Church Bridges Generational Gap with Social Media

As the number of youths attending houses of worship in the U.S. dwindles, many faith communities are figuring out how to reach out to the next generation. But a church in northwest D.C. has proven that with creativity, strategy and technology, it can get millennials to show up on Sunday mornings.

New Bethel Baptist Church, located on 9th and S streets, has increased its social media presence to connect with young people in their prayer life and community outreach. They are using it to engaged people in their spiritual teachings, promote their church activities and highlight their community service initiatives.

Kennisha Rainge, the young adult minister for New Bethel, joined the church six years ago after randomly viewing a post on social media extolling the church’s service. Initially, she encountered more older congregants, but she connected with them as she did with the parishioners at her church in Florida.

“We have prayer on Facebook Live!” she said of New Bethel.

Rainge said New Bethel organizes a morning prayer on Facebook Live weekdays at 6:15 a.m. to connect with the community. It started with about 30 to 40 participants, but has since grown to connect individuals, young and old, across the country and the world.

The church staff estimates nearly 1,300 people are members at New Bethel. More than 60 percent are younger than 40, largely made up of students at nearby Howard University and young professionals in the 18-35 age range. Recently, 30 young people joined the church after service.

The young adults are involved and leading the church’s community service projects, such as providing food and feminine products for people in need. They also partner with local nonprofit organizations and schools during the Thanksgiving and Christmas holidays.

Tevera Stith is the leader of New Bethel’s God’s Zone Ministry, known as G-Zone, which focuses on youth education. The age groups range from young members in grade school to 18-year-olds.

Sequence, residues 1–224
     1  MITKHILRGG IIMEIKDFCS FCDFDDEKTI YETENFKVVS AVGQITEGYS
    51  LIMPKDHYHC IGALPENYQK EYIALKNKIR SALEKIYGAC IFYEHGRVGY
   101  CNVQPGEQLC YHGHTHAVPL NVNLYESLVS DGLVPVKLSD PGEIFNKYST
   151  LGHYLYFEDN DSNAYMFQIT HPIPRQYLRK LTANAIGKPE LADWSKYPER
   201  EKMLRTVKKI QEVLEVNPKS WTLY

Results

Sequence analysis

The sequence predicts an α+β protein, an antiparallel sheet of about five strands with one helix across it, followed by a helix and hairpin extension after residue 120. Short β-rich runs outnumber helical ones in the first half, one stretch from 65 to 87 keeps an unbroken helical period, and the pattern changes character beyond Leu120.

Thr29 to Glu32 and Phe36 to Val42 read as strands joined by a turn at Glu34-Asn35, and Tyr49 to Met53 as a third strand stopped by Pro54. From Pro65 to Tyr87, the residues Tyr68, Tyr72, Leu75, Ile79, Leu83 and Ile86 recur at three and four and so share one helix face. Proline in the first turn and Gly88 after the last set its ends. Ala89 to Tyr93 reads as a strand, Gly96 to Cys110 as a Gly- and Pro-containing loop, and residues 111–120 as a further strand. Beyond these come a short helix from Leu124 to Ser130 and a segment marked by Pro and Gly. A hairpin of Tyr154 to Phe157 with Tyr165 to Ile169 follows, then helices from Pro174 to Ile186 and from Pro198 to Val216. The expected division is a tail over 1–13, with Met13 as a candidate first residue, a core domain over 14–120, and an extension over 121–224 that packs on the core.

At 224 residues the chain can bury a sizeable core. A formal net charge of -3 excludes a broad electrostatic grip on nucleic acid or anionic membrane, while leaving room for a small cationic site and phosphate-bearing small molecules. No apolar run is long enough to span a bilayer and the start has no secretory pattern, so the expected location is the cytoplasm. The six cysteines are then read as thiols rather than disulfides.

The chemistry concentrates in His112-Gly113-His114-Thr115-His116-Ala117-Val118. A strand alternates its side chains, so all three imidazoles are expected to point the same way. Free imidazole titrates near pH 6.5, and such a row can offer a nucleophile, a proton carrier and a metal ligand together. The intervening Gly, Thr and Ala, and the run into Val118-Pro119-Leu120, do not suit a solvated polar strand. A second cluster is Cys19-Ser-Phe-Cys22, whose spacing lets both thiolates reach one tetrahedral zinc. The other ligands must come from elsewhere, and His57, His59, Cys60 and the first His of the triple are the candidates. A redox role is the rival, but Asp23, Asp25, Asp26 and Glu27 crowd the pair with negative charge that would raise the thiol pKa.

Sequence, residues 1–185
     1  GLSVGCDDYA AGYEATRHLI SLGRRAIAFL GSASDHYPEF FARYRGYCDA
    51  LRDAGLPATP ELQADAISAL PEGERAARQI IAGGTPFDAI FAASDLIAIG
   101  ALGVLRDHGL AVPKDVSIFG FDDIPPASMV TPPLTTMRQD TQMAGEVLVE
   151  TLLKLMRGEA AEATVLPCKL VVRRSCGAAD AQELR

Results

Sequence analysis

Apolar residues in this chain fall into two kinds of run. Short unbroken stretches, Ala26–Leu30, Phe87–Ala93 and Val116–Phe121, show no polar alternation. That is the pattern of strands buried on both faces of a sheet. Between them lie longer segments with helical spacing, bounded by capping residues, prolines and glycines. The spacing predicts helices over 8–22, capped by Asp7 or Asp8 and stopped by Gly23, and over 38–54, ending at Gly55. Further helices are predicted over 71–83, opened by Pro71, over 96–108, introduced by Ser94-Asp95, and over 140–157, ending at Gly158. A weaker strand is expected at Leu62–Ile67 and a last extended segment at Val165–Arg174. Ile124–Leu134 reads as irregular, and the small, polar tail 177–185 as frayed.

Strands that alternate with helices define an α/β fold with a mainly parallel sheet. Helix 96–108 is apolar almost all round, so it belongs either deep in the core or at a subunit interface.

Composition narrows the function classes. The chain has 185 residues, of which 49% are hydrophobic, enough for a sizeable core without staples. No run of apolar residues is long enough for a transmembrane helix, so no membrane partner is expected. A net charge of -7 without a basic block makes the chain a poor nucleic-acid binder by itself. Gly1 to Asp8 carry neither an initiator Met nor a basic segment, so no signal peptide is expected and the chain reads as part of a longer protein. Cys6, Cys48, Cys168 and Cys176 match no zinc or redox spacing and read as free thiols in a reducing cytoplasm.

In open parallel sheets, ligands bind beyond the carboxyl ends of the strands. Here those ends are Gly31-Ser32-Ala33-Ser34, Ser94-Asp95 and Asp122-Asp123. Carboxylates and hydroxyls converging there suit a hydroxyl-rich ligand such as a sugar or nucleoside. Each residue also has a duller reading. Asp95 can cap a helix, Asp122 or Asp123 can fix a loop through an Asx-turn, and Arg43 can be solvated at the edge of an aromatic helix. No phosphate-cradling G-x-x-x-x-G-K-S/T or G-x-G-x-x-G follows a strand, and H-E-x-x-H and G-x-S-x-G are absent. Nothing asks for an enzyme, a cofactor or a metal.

Stith, who came to the church after visiting others in the Shaw neighborhood and in Maryland, said the two things that sold her on New Bethel were the hospitality of the congregation and the biblical preaching and teaching of the pastor.

She also likes that when she goes to Bible study, there is a mixture of young and old present.

“What I love is the intergenerational look of our Bible study,” she said.

Rev. Dexter Nutall, the senior pastor at New Bethel, grew up in the church and seen its movement of young adult ministry engagement and it how it works. He mentioned that his effort wasn’t necessarily to target millennials.

“I just believe that the Gospel is relevant and when you present it in a way and live your life in a way that is consistent,” he said. “And prioritizes the things that the Gospel prioritizes and Christ prioritizes. Then it’s a natural result that people are drawn to it.”

Nutall referenced their core values using the verses from the Book of Acts which are posted in the church lobby. Social media is used a tool that allows access to a cross-section of people for little to no cost.

“My question hasn’t been how [to] get to millennials, my question has been, how do I present a whole full Gospel?” he said.

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